The poem that I posted over the weekend is the first poem that I've written since Mom's Creative Writing class in 10th grade. I'm not really a poem person—for the last couple decades, I've been a very concrete, spell it out sort of person. I'm a scribe, telling stories I've experienced, evoking people, places and things that exist, that I have known. I am not a novelist, creating worlds that exist solely in my imagination. There's a lot of poetry that I don't really understand, and for the most part I'd really rather be told the point and move on. Poetry seems to be, to some extent at least, a blending of the two modes—documentation and embellishment—and I really haven't seen the point, up until last Friday, when I came radiating out of my bone scan (no results until this coming Thursday) and couldn't leave the clinic until I'd jotted down a rough draft. I sat there on the bench in front of the second floor elevator, digging through my mental thesaurus, weighing grams of meaning against milliliters of implication, rhyme against alliteration, meter against free verse. My recent trip to Cabo Verde and more specifically Santo Antão, with its soaring mountaintops and crashing seashores, and our attendance at Avatar last Tuesday (Science Center 3-D IMAX woo), had towering heights and tumbling depths and swooping flights all topmost in my mind.
And this is the landscape of my life, pinnacles and pits, and the journeys between. I'm not living in Kansas.
I'm on one of the "vertiginous flights" right now, with three scans behind me and one ahead of me tomorrow, then a couple days to wait before I find out if I'm landing on a mountaintop or in a deep valley, or if maybe I just have to hike around a bit. And for the last couple days, I've felt it physically. My head feels just a little heavy, and my body's not yet used to hauling around the extra weight, so if I shake my head or turn too quickly or nod and walk at the same time, I feel a bit at sea. I had both eyes dilated today, too, (it's always something), and that definitely did not calm down the gentle, almost imperceptible motion of the earth. I've also been sleeping with my window open, just above my head, and my left ear is plugged, so there are tangible physical explanations for my perceptions. But that doesn't make the spiritual explanation less valid.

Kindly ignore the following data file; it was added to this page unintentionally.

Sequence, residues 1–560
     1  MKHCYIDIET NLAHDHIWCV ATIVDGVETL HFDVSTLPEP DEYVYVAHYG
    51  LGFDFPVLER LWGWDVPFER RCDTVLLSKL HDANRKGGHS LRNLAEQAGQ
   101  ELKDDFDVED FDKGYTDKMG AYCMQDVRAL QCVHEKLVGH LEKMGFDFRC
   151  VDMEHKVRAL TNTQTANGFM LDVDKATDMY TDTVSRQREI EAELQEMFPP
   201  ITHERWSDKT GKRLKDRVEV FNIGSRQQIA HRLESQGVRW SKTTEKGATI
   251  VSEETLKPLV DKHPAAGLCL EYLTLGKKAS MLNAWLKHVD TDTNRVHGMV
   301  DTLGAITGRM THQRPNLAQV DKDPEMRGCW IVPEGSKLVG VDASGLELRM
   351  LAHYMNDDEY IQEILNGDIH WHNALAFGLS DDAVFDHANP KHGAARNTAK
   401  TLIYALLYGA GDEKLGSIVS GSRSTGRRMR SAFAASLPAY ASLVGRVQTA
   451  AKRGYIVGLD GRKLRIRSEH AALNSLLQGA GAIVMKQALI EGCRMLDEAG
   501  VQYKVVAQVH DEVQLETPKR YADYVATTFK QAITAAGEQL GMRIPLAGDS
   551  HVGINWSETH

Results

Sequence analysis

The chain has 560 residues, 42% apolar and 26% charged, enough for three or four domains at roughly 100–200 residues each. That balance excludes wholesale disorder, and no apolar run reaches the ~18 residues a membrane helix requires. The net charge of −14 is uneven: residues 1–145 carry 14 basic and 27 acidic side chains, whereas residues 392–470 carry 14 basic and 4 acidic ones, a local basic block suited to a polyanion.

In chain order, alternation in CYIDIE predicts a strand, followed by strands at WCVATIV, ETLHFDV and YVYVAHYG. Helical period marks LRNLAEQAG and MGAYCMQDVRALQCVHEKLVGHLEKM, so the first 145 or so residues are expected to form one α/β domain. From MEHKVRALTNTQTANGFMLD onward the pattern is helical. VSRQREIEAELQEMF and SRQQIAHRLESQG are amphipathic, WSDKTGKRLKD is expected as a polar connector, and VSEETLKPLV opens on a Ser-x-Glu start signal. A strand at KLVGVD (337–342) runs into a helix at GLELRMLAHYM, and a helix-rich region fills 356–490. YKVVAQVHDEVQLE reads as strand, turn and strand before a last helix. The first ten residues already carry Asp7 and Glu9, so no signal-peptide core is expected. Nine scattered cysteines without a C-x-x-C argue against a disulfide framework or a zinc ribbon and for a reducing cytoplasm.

I had a dream this morning, between Ian getting up at 7:15 and me crawling out of bed at 8:30. I was on an island somewhere in the Mediterranean, and tons of people were around. I knew a lot of them (Cousin S and her mom, Dr Jason's dad K, my mom, the kid I went to prom with senior year of high school, among others), and interacted with some of them, but what I remember most clearly is this:
I was standing on a clifftop, a black, volcanic, vertical cliff with lots of little ledges and handholds, maybe 100 feet high—an awesome place to rockclimb—above a clear blue sea. The water was so clear that I could see perfectly tumbled lava boulders through the waves washing back and forth. My father was next to me, and then in one motion he leapt and dove off the edge of the cliff. I was petrified and ran to the side to watch him enter the water, sure that I'd see him dash his brains out on the submerged rocks, which were too clearly visible to be deep enough to avoid. He entered the water without a splash, his flexed feet burbling through with a small eddy at the end. He swam off to shore, completely unharmed. I found myself midway down the cliff face, holding a rope and kind of rappelling backwards, cautiously, carefully easing my way down to a place where I felt I'd survive the fall. About 10 feet above the surface of the water, I closed my eyes, screwed up my courage, and dropped in feet first.
The water was delicious. Clear and cool and buoyant and gentle, the rocks deep down and interesting, sunlit. I woke up before I could climb the cliff and try again, but I wasn't afraid of the leap anymore.
What I wish is this.